# A quicker way to decide if this extension is Galois.

Given $$\alpha=\sqrt{1+\sqrt{2}}$$, a min. poly for this element over $$\Bbb Q$$ is $$x^4-2x^2-1$$, as it's monic irreducible over $$\Bbb Q$$ and has $$\alpha$$ as a root.

The roots of this min. polynomial are $$^+_-\sqrt{1^+_-\sqrt{2}}$$.

Now consider the extensions

i) $$\Bbb Q(\alpha)/\Bbb Q$$

ii) $$\Bbb Q(\alpha, i)/\Bbb Q$$.

I know that i) is not a Galois extension because it's not normal , it's not normal because it only contains two of the roots of the min. poly of $$\alpha$$ namely $$^+_-\sqrt{1+\sqrt{2}}$$.

I want to decide if the second on is Galois and to do this I tried to tackle the problem by denesting the radical $$^+_-\sqrt{1-\sqrt{2}}$$ to see it was a complex number, which it is. But this is a very long and tedious method and I'm worried that in an exam I wouldn't have the time to compute it.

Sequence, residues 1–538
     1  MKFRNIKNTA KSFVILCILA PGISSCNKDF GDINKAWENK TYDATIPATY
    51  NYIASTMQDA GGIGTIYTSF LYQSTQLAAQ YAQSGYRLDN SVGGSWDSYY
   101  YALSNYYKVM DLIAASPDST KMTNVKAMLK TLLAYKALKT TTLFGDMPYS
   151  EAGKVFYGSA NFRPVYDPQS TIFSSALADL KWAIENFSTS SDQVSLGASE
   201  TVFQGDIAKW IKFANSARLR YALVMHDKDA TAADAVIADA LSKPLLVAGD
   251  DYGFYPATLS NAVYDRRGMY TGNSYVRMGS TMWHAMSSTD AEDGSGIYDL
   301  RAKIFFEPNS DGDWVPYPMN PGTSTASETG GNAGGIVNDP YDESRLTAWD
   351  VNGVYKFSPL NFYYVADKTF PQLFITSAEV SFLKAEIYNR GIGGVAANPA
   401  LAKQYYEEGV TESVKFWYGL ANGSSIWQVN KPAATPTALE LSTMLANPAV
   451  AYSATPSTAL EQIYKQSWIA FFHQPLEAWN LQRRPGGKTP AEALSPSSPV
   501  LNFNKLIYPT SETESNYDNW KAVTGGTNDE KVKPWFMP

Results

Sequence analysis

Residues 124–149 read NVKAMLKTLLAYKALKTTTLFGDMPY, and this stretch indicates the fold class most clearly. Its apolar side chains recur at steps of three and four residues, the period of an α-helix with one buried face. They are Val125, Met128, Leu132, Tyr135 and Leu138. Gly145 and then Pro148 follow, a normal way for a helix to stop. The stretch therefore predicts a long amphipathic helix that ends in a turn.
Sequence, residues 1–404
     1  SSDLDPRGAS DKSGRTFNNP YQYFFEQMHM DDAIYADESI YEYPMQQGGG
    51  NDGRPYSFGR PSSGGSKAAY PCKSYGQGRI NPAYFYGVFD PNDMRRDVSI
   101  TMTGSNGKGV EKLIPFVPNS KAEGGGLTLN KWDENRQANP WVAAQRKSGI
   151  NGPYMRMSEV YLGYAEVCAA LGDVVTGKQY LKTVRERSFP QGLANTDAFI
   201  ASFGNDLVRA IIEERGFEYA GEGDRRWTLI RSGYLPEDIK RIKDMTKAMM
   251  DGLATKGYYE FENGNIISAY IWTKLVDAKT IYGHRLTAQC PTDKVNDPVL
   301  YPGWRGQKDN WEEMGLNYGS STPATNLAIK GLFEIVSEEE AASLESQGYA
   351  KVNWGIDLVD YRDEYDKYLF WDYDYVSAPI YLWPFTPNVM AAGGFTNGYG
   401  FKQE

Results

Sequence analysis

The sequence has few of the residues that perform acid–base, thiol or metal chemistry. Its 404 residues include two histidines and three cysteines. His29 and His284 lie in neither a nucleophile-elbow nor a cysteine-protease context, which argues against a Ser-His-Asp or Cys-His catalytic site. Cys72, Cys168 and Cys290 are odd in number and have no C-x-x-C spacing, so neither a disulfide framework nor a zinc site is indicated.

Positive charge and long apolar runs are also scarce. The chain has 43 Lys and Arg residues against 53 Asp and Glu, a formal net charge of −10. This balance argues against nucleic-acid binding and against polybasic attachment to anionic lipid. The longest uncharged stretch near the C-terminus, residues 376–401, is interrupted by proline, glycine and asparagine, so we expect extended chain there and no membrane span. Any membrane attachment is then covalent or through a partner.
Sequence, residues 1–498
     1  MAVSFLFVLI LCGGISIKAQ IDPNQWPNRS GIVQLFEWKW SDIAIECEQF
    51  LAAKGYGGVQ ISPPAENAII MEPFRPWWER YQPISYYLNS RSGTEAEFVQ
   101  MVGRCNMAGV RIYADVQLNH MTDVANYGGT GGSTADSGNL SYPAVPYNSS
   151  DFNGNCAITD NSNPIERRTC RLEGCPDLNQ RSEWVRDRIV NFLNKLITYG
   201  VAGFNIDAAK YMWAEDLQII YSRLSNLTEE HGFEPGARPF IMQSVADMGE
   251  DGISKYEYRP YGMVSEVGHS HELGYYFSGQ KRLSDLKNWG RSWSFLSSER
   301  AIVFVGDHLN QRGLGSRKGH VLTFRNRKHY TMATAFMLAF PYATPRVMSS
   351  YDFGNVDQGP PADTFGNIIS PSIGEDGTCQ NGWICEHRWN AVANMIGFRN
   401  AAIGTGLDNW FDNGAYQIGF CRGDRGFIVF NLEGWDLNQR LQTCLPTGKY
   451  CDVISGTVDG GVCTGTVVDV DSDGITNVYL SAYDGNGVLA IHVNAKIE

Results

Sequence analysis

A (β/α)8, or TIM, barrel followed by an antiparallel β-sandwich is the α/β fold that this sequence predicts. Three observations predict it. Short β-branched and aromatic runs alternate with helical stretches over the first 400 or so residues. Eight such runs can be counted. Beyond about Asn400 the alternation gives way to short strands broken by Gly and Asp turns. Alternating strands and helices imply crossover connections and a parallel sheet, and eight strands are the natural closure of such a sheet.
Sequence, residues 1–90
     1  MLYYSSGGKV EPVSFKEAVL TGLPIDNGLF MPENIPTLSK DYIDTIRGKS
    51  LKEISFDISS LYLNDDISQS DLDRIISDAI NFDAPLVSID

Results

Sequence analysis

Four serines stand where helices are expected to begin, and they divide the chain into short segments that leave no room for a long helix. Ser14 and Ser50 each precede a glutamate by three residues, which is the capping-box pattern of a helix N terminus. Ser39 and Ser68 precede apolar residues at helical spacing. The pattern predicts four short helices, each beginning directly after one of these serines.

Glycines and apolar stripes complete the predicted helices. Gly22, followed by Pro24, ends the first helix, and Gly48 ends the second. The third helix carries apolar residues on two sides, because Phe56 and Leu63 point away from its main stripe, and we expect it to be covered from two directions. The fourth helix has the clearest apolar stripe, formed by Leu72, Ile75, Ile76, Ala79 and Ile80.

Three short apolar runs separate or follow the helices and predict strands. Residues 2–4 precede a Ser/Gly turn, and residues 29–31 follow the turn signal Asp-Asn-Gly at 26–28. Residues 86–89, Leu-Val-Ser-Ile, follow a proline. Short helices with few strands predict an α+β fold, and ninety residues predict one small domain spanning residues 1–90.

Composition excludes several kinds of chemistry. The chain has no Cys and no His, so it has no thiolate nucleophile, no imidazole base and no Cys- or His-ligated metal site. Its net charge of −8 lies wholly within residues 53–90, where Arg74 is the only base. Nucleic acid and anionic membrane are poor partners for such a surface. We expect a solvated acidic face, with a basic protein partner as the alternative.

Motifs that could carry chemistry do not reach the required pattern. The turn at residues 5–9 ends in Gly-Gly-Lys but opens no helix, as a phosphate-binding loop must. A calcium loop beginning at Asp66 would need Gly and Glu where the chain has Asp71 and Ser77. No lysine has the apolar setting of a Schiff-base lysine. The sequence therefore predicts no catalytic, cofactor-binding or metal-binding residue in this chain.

Is there a much faster way of deciding if ii) is a Galois extension ?

Edit: I realised that I made an error in calculation and that de-nesting is in fact impossible here

Notice that $$(1-\sqrt{2})(1+\sqrt{2})=-1$$ and so a square root of $$1-\sqrt{2}$$ is $$\pm i$$ divided by a square root of $$1+\sqrt{2}$$.